In 2013, PepsiCo achieved $900 million in savings as part of its $3 billion productivity goal for 2012–2014. The company further extended its productivity program to the period 2015–2019 with the goal of achieving annual savings of $1 billion. Productivity initiatives include manufacturing automation, optimizing a global manufacturing footprint, and reengineering the distribution network.
PepsiCo’s peers plan productivity initiatives
In its productivity program, The Coca-Cola Company (KO), PepsiCo’s closest rival, plans to generate annual savings of $1 billion through 2019 and direct those savings toward incremental media investments.
In September 2013, Mondelez International, Inc. (MDLZ) announced its $3.5 billion restructuring program, which is expected to generate at least $1.5 billion in cost savings by 2018. Kraft Foods Group Inc. (KRFT) significantly improved its operating margins in 2013 through its cost savings and restructuring initiatives. Dr Pepper Snapple Group, Inc. (DPS) garnered $169 million in savings between 2011 and 2013 through its productivity program that used Lean Six Sigma methods.
Why PepsiCo investors get a higher return on equity
For the trailing twelve months ended 12/31/14, the company delivered a return on equity (or ROE) of 31.3%, which was higher than its peers, including The Coca-Cola Company (KO), Dr Pepper Snapple Group, Inc. (DPS), and Mondelez International, Inc. (MDLZ).
PepsiCo’s higher ROE
Despite Dr Pepper Snapple’s higher return on assets, PepsiCo’s ROE is greater due to the presence of higher financial leverage. Financial leverage, which is computed as average assets divided by average equity, indicates the extent to which the company uses debt to finance its assets.
A company can improve its ROE either by achieving a higher return on assets (or ROA) or by making effective use of its leverage. A higher leverage will have a positive impact on ROE if the company can earn a higher return on assets than the cost of debt.
PepsiCo’s ROA is lower than Dr Pepper Snapple’s
A company’s ROA can be expressed as a function of its net profit margin and asset turnover. PepsiCo delivered lower ROA of 8.5% in 2014 compared to Dr Pepper Snapple’s 8.9%. This is because PepsiCo’s profit margins are lower due to higher costs. As discussed in a previous part of this series, PepsiCo is implementing productivity measures to bring down its costs.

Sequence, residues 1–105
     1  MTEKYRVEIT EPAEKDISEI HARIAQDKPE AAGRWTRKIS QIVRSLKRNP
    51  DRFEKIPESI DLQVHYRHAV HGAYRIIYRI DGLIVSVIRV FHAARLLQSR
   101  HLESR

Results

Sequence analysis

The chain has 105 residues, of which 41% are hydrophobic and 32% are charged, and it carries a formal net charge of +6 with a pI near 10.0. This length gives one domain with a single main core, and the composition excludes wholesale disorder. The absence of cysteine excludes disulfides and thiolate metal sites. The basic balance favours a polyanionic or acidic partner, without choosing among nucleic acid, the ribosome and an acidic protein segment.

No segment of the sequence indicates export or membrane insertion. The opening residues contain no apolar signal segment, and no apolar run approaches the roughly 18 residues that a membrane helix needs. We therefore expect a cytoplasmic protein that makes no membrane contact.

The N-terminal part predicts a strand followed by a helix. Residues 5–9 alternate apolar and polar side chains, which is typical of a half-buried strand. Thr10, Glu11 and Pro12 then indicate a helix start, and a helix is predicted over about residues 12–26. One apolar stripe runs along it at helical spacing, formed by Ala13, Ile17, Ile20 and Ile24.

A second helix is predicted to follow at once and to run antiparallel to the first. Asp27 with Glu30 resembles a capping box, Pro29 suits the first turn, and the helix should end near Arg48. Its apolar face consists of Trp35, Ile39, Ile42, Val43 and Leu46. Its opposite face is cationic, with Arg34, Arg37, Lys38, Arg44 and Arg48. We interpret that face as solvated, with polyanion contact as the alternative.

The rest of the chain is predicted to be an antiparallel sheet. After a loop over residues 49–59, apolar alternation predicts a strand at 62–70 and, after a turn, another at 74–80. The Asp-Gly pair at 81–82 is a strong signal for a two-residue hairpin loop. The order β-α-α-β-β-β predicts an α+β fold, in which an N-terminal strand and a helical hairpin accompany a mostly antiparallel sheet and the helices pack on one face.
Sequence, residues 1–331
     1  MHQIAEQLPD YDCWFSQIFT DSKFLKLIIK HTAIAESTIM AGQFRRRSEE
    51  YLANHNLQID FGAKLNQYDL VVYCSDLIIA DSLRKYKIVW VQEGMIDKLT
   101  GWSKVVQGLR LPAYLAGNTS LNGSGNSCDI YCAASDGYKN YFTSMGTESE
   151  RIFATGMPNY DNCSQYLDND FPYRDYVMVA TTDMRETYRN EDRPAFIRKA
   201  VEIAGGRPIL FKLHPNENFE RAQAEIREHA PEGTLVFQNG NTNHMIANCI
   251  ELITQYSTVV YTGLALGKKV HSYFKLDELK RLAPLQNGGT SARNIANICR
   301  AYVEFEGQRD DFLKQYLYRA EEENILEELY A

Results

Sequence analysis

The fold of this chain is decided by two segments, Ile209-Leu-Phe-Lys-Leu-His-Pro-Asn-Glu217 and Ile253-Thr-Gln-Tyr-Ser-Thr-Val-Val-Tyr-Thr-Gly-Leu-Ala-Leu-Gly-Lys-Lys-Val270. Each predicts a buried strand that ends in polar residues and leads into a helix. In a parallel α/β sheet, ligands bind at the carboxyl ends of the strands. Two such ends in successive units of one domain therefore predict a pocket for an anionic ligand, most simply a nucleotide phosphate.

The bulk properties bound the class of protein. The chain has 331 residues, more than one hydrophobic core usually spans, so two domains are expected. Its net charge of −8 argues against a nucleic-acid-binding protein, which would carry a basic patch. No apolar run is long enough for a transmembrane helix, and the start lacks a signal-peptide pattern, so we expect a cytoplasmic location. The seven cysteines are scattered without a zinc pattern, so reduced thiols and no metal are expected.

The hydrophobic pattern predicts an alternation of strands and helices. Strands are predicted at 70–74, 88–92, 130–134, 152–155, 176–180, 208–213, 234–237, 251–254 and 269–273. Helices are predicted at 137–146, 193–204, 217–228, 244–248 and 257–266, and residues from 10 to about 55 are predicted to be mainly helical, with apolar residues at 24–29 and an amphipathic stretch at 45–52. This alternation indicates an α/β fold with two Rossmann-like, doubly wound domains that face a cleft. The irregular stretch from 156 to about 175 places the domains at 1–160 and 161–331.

PepsiCo lags behind peer stocks
Over the past five years, PepsiCo has underperformed the broader market represented by S&P 500 Index and peers such as Dr Pepper Snapple Group and Mondelez International. PepsiCo’s stock price increased by 61% since 2010, way below smaller peers such as Dr Pepper Snapple Group and Mondelez International, whose stocks rose by around 154% and 117%, respectively.
Price earnings (or PE) multiple is used to perform a relative valuation of a company and its peers from a shareholder’s standpoint. A stock with a higher PE is generally considered overvalued, unless its future growth justifies such high valuation. Since early 2013, PepsiCo has been trading at similar PE multiples as Coca-Cola. PepsiCo’s revenues increased by 1.4% in 2013, and adjusted earnings per share (or EPS) increased by 6.6%. However, Coca-Cola’s revenues declined by 2.4%, and adjusted EPS increased by 3.5% in 2013.
Impact of declining volumes
Carbonated soft drinks (or CSD), which form a major part of PepsiCo’s beverage business, declined for the ninth straight year in 2013. PepsiCo’s 2013 CSD volumes declined at a double rate compared to Coca-Cola’s. According to Beverage Digest, PepsiCo’s CSD volumes declined by 4.4% in 2013, whereas the volumes for Coca-Cola and Dr Pepper Snapple Group declined by 2.2% and 2.4%, respectively.
A profitable food business
PepsiCo’s diversified business model appears to be its strength. The food business, which contributed 52% of the company’s 2013 revenues, has been able to offset the decline in CSD volumes. As discussed in a previous part of this series, PepsiCo’s presence in the complementary food and beverage categories is a key revenue driver. Also, the company’s snacks business is more profitable than beverages.
To learn more about the nonalcoholic beverage industry and the trends impacting it, you can read our series on the nonalcoholic beverage industry.